Malaysia

Malaysia retains the mandatory death penalty for ordinary crimes, including murder and drug-related offences.  Malaysia is neither a party to the International Convention on Civil and Political Rights (ICCPR) nor its Second Optional Protocol aiming at the abolition of the death penalty (1989).

There have recently been some positive developments in Malaysia. In 2012, the Malaysian Government indicated that they are considering proposals to abolish the mandatory death penalty for certain drug offences. The Law Minister has also confirmed that such a review would entail a moratorium on executions for drug offences and we will continue to monitor these developments closely. In light of the recent legislative proposals in Malaysia, we commissioned  Professor Roger Hood, Professor Emeritus of Criminology at the University of Oxford, to design and analyse the findings of a public opinion survey on the mandatory death penalty in Malaysia. The Report of findings was launched in association with the Bar Council Malaysia in July 2013.

 

Most recently, we assisted three British nationals, who were arrested in Malaysia and potentially faced drug trafficking charges which carries the mandatory death penalty. One individual was released due to lack of evidence and the two others were eventually charged with the lesser offence of possession of drugs. They no longer face the death penalty and were to be deported from Malaysia.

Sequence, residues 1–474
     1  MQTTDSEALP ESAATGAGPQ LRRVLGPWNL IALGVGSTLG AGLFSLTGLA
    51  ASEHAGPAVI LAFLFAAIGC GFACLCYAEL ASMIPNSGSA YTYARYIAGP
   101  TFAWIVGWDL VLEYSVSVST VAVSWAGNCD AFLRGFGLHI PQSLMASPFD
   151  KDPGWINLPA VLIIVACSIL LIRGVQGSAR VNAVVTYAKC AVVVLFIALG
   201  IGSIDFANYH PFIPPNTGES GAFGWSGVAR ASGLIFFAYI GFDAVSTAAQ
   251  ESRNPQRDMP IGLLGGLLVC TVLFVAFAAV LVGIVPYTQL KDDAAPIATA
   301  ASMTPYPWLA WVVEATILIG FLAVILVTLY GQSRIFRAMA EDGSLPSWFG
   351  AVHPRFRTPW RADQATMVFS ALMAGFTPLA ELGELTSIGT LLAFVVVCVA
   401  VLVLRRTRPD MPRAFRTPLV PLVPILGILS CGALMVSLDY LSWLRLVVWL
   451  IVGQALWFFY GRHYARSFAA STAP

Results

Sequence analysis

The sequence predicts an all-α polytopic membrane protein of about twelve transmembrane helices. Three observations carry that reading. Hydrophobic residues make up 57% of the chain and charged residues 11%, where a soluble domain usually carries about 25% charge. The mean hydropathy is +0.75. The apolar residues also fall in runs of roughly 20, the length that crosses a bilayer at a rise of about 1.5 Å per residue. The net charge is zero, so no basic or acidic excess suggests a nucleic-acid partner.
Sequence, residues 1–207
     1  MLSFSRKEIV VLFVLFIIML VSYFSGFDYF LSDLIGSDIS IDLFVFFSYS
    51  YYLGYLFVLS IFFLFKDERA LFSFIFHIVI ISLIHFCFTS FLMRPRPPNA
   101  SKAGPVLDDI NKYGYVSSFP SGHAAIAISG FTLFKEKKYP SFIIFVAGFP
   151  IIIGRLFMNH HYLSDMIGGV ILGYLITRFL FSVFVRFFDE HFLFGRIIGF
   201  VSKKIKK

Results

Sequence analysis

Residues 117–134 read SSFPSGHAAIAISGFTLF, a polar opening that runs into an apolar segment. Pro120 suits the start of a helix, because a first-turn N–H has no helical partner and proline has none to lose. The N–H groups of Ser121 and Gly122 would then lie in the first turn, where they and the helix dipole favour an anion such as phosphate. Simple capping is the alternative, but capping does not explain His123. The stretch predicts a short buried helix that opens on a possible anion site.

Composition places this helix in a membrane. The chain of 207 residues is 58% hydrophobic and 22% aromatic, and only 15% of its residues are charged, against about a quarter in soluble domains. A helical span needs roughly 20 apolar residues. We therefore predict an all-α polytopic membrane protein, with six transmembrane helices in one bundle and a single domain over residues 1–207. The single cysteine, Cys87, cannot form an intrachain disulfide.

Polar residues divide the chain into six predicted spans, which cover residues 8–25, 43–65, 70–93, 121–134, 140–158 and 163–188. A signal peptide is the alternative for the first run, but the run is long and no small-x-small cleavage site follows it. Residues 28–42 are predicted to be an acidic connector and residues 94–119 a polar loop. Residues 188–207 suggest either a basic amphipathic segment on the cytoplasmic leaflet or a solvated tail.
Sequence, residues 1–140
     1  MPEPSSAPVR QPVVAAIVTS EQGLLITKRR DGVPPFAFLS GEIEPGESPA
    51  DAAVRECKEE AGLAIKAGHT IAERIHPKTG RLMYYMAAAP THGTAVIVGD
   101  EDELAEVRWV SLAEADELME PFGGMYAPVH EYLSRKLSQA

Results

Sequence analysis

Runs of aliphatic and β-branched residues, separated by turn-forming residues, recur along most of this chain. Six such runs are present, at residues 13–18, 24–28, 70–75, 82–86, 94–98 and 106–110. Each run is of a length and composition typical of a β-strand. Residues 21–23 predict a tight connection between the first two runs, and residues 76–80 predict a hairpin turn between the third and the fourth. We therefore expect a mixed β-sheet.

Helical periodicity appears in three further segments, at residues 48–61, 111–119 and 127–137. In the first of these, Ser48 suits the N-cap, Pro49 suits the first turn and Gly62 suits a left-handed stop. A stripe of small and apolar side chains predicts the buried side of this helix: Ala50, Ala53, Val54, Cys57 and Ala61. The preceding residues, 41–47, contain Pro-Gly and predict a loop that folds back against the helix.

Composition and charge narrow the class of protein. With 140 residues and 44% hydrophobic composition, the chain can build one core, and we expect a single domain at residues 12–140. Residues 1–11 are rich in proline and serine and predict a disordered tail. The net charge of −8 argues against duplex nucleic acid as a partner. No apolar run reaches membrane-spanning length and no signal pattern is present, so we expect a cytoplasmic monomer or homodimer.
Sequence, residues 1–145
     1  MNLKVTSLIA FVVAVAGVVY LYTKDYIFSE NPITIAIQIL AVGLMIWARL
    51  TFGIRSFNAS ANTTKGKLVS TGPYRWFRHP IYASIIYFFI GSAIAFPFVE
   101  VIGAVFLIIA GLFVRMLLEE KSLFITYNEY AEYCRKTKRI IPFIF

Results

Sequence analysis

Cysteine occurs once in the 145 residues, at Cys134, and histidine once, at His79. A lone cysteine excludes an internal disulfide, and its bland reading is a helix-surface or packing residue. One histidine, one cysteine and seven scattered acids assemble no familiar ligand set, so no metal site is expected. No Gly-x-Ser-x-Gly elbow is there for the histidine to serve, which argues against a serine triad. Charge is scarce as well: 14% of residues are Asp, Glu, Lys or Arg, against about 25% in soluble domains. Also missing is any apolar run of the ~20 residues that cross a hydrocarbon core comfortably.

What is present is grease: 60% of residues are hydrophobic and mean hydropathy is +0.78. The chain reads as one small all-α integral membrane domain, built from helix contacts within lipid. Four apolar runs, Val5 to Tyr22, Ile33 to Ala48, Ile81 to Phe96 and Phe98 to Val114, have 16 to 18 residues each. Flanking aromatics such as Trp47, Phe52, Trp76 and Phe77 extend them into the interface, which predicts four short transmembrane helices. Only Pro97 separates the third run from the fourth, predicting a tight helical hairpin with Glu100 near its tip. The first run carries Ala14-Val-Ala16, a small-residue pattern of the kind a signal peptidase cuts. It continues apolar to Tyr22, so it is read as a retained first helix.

We are also assisting two Bulgarian nationals who have been convicted of drug trafficking offences and were sentenced to the mandatory death penalty. We are currently working with local counsel in Malaysia in their appeals to the Court of Appeal. We are also assisting a British national who has been charged with drug trafficking and potentially faces a death sentence if convicted.

For more information about the assistance we provide to British and other foreign nationals, click here.

 

CONSULATION AND TRAINING

Forensic Psychiatry Training Workshop for Mental Health and Legal Professionals involved in Capital Cases 

In October 2013, in association with Bar Council Malaysia, the National Human Rights Society (HAKAM) and Newcastle University Medicine Malaysia, we held a forensic psychiatry training workshop in Kuala Lumpur for mental health and legal professionals involved in capital cases in Malaysia.

The training provided specialised training and assistance to legal and mental health professionals in Malaysia and provided a platform for exchange for medical practitioners and lawyers.

Photos from the event can be viewed here.